- Strategic Locations: Car rental companies have various branches, often in locations such as airports, cities, and popular tourist spots. To serve all these locations effectively, they need a large fleet.
> true. But there are some possibilities to reduce the stock allocated to smaller locations. First, is to limit the availability to its minimum and transfer cars when needed. Flexible but expensive in terms of cost of transport. Second, it is to have a second network of agents or sub-franchisees that will manage their fleet themselves and use your support to drive some reservations to them. It is cheap as fleet is paid by the agent, flexible, and enables your operations to be present in some other territories
- Business Agreements: Some companies have business agreements with corporations or insurance companies to provide vehicles when needed. To honor these agreements, they must have enough cars available.
> true. Especially large rental operators (like the international brands) are battling to get the largest Corporate or Assistance business (IMA, Axa Assistance, Adac, etc). These contracts generate high volumes that cover the fleet cost but most of the time at a cheap price, triggering a lot of hidden costs like: minimum car category to respect their travel policy, immediate availability, on site delivery to enable the staff to get the car at his/her company instead of coming to the car rental station. Most of the time, these costs are not totally integrated into the contribution model of each client before they participate in the RFP (request for price). After a couple of months of operations, the station or the car rental operator realizes that they lose money on each. They sometimes fight for these contracts to reach their market share or image goals.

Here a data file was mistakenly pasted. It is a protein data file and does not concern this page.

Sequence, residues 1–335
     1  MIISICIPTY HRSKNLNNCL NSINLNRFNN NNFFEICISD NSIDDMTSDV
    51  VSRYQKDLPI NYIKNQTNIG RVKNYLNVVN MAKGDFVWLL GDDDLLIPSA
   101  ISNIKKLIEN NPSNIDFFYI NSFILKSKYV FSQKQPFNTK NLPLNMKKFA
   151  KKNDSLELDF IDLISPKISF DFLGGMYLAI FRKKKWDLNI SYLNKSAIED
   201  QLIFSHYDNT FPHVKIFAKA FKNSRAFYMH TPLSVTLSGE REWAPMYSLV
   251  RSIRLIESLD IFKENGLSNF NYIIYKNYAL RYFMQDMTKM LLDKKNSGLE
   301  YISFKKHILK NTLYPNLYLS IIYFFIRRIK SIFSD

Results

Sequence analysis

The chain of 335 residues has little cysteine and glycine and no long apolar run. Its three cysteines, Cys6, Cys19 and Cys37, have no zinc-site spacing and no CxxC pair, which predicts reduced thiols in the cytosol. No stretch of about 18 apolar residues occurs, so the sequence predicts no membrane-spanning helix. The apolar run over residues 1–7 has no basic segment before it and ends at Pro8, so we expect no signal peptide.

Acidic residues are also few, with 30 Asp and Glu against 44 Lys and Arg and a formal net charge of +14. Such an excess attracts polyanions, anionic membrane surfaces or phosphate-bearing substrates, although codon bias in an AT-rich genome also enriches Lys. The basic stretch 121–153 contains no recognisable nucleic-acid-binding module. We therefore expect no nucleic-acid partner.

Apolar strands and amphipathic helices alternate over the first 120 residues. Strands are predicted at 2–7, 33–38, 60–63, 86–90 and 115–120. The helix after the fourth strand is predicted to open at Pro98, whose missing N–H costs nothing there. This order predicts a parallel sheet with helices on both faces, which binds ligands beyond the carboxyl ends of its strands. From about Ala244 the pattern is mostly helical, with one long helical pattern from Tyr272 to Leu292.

- Resale Value: The car rental business model is not only about renting vehicles. Companies often sell their used vehicles in the second-hand market, which can be a significant part of their business. So, having more cars could mean more potential for revenue when those cars are sold.
> True : some operators like the one in the south of Europe (OK Mobility, Centauro in Spain but not limited to them) have a profitability model built on the resell of the cars. Thus, they will buy the maximum fleet possible, run them at any price and then give them back to the car manufacturers (buy back model is less profitable but guaranteed) or resell them at risk (less guaranteed but much more profitable). In a car market under tension like we have had since the end of the Covid in 2021 (-20% of car production, +25% in cost), the used car market is strong. If the market declines, their business could disappear if they don't have a solid car rental reservation system that relies on effective yield management optimization.
- Protect from higher cost: car rental operators intend to keep their car longer into their fleet (more than the classic 6 to 12 months depending on the market regulations to manage tax deduction)